Friday, March 29, 2013

Review: Math-U-See Stewardship

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Math-U-See is our math of choice around here. We have used this pretty much since the beginning of our homeschooling years, from Alpha through Geometry so far. I am excited to review one of their secondary math products, Stewardship: A Biblical Approach to Personal Finance.

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Stewardship teaches the principles of using money in everyday life. The package includes the instructor's manual, student text, test booklet, lesson by lesson DVD, and the Biblical Foundations book. It is also recommended for for anyone with a good understanding of math, though Algebra is helpful, and can be used individually, in a small discussion group, or with adult ministries.
The lessons are divided into four sections.
  1. Personal Finance covers such topics as earning money, taxes, banking, interest, budgeting, credit cards, and more.
  2. Automotive covers the purchasing and operation of an automobile along with information on mechanics and insurance. 
  3. Buying and Maintaining a Home cover real estate, contracting, painting, rent, plumbing, electrical, and more.
  4. Miscellaneous section covers such topics as traveling, printing, postage, and many more topics.
They also offer loan and investment calculators on their website under their E-Learning page.

Caleb used this and did one lesson per week. He followed the schedule that was suggested in the book: Watch the DVD, read the instruction manual, and then do the first two pages. Then to complete the lesson he read the corresponding chapter from the Biblical Foundations devotional and completed the final two pages in the student text. When the worksheets are completed, checked, and discussed them if necessary and then he took the test. He was able to work through it very well on his own and when he was stuck it only took a few minutes with Dad to get it figured out.

Caleb told me he found it interesting and liked learning on how different financial concepts worked. He also said it was a lot easier than Geometry (which he is trying to finish up).

I really like how this program is put together. The financial concepts taught include all the usual things you would expect, but he also covers some rather unique, but practical scenarios as well. Things like buying carpet or plumbing. It even covers shipping using USPS or UPS! I noticed many topics covered that  I never learned about except through trial and error after becoming an adult. The DVD is engaging and interesting.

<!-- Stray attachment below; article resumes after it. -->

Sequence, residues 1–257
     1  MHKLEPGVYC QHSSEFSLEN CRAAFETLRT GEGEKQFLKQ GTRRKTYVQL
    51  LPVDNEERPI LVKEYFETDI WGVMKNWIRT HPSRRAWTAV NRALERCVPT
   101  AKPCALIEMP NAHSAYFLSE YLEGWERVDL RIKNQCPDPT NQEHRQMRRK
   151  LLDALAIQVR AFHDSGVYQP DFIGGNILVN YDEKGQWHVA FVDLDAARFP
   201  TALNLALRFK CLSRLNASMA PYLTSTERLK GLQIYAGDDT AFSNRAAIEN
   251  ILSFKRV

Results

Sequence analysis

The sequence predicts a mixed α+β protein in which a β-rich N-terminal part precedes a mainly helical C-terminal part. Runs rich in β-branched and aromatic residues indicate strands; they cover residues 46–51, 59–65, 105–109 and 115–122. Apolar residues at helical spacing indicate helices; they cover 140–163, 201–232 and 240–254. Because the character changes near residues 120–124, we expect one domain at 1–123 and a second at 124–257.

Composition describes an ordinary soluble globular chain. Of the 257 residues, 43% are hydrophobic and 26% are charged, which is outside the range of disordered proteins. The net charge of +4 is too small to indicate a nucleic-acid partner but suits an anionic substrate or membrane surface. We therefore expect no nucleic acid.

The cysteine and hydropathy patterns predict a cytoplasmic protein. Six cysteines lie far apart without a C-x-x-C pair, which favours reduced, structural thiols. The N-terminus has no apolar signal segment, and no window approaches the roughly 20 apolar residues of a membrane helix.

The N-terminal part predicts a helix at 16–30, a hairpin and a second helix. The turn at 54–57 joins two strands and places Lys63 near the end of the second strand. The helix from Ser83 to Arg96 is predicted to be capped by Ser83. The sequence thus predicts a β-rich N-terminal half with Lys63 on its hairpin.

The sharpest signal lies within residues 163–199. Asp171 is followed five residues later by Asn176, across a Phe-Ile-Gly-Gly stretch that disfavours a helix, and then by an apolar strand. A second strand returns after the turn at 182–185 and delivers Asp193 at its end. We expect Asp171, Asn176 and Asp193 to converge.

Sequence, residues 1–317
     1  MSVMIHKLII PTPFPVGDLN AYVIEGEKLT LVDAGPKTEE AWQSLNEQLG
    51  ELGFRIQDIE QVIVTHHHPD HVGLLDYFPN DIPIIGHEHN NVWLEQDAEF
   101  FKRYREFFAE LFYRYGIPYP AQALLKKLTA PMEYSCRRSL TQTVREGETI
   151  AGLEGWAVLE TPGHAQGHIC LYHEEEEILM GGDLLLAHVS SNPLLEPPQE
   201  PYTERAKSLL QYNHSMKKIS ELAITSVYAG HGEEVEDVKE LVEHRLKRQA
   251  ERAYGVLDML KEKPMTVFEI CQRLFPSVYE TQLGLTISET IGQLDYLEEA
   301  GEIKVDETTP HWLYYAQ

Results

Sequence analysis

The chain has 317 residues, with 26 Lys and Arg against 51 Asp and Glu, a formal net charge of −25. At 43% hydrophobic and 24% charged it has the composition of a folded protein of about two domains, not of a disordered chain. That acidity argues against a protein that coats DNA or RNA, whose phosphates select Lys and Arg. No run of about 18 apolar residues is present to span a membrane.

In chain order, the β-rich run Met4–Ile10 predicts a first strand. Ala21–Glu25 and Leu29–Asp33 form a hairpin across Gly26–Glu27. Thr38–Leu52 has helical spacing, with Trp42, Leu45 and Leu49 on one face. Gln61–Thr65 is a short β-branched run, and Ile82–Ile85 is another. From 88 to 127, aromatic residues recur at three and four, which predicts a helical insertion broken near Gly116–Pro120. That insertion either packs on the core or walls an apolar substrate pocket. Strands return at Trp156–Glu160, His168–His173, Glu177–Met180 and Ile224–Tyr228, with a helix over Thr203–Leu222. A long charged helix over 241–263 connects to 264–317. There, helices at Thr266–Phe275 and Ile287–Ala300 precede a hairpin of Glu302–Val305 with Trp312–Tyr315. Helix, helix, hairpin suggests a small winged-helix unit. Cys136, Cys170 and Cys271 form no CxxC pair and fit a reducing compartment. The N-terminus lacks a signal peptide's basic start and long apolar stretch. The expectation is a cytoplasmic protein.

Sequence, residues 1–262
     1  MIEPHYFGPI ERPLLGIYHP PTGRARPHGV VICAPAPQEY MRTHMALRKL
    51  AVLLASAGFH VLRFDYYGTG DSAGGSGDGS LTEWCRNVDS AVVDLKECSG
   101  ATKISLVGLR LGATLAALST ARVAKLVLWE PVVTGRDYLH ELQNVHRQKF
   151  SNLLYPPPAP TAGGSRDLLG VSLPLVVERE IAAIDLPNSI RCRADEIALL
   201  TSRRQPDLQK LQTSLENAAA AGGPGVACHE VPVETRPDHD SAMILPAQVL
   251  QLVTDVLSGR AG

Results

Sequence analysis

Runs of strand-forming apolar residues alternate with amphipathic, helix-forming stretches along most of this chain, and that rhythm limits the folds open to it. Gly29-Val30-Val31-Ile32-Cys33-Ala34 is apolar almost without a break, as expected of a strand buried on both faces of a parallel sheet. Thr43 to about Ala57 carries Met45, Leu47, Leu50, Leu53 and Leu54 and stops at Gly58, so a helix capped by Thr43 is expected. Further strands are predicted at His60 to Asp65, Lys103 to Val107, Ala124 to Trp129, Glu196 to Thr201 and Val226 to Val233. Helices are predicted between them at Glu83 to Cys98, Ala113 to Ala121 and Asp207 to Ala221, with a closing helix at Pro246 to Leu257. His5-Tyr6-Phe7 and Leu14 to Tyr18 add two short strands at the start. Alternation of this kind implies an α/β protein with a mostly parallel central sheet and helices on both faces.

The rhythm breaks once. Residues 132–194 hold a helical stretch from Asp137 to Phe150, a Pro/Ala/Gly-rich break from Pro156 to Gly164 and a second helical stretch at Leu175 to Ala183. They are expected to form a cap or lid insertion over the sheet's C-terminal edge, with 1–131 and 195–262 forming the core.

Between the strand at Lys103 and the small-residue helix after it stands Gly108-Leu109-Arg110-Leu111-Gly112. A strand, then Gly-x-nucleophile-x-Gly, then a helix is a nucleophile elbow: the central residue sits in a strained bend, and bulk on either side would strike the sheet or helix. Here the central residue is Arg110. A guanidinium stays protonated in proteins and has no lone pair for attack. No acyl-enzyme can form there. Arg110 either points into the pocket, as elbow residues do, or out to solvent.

The math is applying what the student has already learned in algebra, but in a real life situation. There are also plenty of opportunities for the student to ask the parents questions about their own financial habits. Also, this is math that I can do, which makes it a big plus!

I think what completes this course is the Biblical Foundations devotional. This book is filled with financial principles from the Bible and personal life stories. Topics covered in this include being a faithful steward, honoring the Lord with your substance, marriage and money, praying before purchasing, and so many other great topics.

Overall, I found Stewardship to be a very practical, down-to-earth financial curriculum and the addition of Biblical principles is like icing on a cake!

You can also see a short video clip with an overview of the program, a sample lesson from the DVD, the scope and sequence, and a sample lesson from the instructor's manual and student book all on Math-U-See's Stewardship page here.


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Thursday, March 28, 2013

Read-Aloud Thursday: Coot Club by Arthur Ransome

Read-Aloud Thursday Pictures, Images and Photos
Coot Club - Exodus Books

Book Description:
It all started with a coot's nest. Dorothy and Dick meet Tom Dodgeon, Port and Starboard, and three pirate salvagers — all members of the Coot Club Bird Protection Society. When one of the coot's nests is disturbed by a shipful of "Hullabaloos" — rude holiday boaters — trouble begins. Frantic chases, calamitous boat collisions, and near drownings fill the pages of this exciting fifth addition to Ransome's classic children's series.